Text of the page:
Open Access Research article

Burden of acute gastroenteritis among children younger than 5 years of age – a survey among parents in the United Arab Emirates

Mohammad Howidi1*, Nawal Al Kaabi2, Antoine C El Khoury3, Agnes Brandtmüller4, Laszlo Nagy5, Etienne Richer6, Wissam Haddadin7 and Mohamad S Miqdady8*

Author Affiliations

1 Pediatrics department, Mafraq Hospital, Abu Dhabi, UAE

2 Pediatric Infectious Diseases, Sheikh Khalifa Medical City, Abu Dhabi, UAE

3 Global Health Outcomes, Merck & Co., Inc, WP97-A217, Sumneytown Pike, West Point, PA, 19486-0004, USA

4 Budapest, Hungary

5 MSD Hungary, Budapest, Hungary

6 Biomedcom Consultants inc, Montreal, QC, Canada

7 Merck Sharp and Dohme (MSD), Abu Dhabi, PO Box 29034, UAE

8 Pediatric Gastroenterology, Sheikh Khalifa Medical City, Abu Dhabi, UAE

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BMC Pediatrics 2012, 12:74  doi:10.1186/1471-2431-12-74

Published: 18 June 2012



Despite its high incidence among children under the age of five, little is known about the burden of pediatric gastroenteritis outside the medical setting. The objective of this study was to describe the burden of acute gastroenteritis among children residing in the United Arab Emirates, including those not receiving medical care.


A quantitative cross-sectional survey of 500 parents of children under 5 years of age who had suffered from acute gastroenteritis the preceding three months was conducted in the cities of Abu Dhabi and Al Ain. Data collected included respondent characteristics, disease symptoms, medical care sought, and parental expenditures and work loss. Data were analyzed using parametric and non-parametric statistical methods.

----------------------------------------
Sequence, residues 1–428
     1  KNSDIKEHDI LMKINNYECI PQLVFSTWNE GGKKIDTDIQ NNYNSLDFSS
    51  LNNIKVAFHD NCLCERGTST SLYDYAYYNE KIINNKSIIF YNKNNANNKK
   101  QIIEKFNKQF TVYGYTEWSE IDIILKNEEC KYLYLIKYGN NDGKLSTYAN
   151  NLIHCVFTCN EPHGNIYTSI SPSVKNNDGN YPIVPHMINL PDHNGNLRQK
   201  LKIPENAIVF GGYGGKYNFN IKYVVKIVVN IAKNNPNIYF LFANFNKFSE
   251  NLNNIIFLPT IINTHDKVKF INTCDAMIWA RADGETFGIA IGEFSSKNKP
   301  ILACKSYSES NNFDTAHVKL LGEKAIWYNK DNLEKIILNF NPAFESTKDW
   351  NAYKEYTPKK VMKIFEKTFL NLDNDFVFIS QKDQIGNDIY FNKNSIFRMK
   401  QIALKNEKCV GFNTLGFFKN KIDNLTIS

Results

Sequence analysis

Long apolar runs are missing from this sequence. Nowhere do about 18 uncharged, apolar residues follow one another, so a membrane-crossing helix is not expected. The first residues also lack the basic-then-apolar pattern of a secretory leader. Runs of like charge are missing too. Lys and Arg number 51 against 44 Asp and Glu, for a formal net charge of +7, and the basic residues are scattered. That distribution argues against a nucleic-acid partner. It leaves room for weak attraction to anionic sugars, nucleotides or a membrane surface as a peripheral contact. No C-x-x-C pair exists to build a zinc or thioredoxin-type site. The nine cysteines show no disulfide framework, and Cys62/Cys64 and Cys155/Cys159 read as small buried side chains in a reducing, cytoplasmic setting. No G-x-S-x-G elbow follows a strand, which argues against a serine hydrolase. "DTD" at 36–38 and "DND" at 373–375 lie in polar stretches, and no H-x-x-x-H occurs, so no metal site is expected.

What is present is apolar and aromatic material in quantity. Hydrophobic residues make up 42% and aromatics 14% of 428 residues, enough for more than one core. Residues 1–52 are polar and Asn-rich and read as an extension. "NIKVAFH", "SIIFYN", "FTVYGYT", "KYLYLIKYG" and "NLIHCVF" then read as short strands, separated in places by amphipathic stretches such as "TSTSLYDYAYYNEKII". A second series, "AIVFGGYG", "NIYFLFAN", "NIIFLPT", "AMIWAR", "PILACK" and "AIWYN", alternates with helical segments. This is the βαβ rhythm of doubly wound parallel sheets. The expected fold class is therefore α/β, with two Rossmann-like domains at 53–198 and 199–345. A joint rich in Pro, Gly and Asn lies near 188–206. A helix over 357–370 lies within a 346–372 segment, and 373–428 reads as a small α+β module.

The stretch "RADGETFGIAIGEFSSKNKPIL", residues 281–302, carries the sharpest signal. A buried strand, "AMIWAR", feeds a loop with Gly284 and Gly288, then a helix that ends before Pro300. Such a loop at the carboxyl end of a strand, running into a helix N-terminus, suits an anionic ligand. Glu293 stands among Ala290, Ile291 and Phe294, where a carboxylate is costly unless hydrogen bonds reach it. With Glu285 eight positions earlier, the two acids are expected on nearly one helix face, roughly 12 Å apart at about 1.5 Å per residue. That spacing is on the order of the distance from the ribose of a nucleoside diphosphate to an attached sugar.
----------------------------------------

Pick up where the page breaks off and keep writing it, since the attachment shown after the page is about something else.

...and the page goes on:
Vomiting and diarrhea episodes lasted on average between 3 and 4 days. Overall, 87% of parents sought medical care for their children; 10% of these cases required hospitalization with an average length of stay of 2.6 days. When medical care was sought, the average parental cost per gastroenteritis episode was US$64, 4.5 times higher than with home care only (US$14). Nearly 60% of this difference was attributable to co-payments and medication use: 69% of children used oral rehydration solution, 68% antiemetics, 65% antibiotics and 64% antidiarrheals. Overall, 38 parents missed work per 100 gastroenteritis episodes for an average of 1.4 days.


Given its high incidence, pediatric gastroenteritis has an important financial and productivity impact on parents in the United Arab Emirates. To reduce this impact, efforts should be made both to prevent acute gastroenteritis and to optimize its treatment.